Alcohol-Detecting Anklet is Popular
David J. Hanson, Ph.D.
A device worn on a person’s ankle that detects alcohol in perspiration has become popular both with judges and many of those accused of drinking while impaired by alcohol (DUI/DWI).Defendants who no longer drink like the anklets because they can prove to the court that they are not abstaining.
Illegal drugs stay in a person’s body much longer than alcohol and so court officials can detect a defendant’s drug use with blood, urine or hair tests. But alcohol metabolizes so quickly that its use can be hard to detect.
Alcohol dissipates at a constant rate of .015 of blood alcohol concentration (BAC) per hour regardless of a person’s age, sex, height, weight, race, or other demographic characteristic. So, for example, a person with a BAC of .08 will have no detectable alcohol in the body after only 5.3 hours (.08 divided by .015 = 5.33).
The Secure Continuous Remote Alcohol Monitor (SCRAM) anklet is currently used in 30 states. It has sensors that test the wearer’s perspiration once each hour. If any alcohol is detected, readings are increased to every 30 minutes. Once each day the information is sent electronically to a field agent who can provide the information to the court. If the wearer puts anything between the skin and the sensors, the anklets transmits that information as well.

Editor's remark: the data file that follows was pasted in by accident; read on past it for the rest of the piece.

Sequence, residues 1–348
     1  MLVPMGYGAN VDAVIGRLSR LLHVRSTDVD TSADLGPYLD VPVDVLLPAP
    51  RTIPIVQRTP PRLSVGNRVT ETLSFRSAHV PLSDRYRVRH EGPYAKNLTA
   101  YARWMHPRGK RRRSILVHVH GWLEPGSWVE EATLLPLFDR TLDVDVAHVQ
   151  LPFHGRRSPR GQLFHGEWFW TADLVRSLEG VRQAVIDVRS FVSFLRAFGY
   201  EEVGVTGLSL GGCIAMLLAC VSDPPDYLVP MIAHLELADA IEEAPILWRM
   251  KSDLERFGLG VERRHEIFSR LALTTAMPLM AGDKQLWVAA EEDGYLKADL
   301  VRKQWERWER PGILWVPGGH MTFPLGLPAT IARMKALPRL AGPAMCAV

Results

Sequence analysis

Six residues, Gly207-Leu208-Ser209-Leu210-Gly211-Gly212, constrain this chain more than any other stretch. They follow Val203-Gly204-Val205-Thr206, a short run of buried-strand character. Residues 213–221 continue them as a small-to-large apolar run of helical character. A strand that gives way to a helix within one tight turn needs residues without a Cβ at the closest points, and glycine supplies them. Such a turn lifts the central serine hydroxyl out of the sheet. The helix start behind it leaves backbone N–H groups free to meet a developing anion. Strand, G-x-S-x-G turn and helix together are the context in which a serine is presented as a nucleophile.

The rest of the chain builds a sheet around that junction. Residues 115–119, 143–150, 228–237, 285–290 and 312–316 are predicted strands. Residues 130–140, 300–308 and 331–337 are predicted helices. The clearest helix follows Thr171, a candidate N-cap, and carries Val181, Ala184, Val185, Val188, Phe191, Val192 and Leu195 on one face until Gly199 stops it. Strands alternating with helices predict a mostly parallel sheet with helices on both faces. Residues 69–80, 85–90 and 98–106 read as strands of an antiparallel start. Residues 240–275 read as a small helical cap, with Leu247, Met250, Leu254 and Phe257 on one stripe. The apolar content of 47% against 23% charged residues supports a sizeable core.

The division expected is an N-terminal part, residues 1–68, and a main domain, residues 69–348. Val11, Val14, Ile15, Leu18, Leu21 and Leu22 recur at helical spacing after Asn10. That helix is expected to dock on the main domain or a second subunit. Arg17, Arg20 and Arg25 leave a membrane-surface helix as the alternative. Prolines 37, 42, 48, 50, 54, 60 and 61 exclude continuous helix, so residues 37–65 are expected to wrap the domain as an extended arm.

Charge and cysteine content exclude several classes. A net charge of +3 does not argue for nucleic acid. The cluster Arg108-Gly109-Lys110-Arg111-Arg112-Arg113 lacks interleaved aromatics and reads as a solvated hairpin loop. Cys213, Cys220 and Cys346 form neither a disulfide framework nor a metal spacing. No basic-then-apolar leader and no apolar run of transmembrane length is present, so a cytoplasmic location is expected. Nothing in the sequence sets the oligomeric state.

People with multiple drunken driving conviction might be able to avoid jail or serve a reduced sentence if they agree to abstain from alcohol and wear the device.
The anklet has the potential to save states money, reduce the prison population, and facilitate sobriety among alcoholics.
Filed Under: Drinking and Driving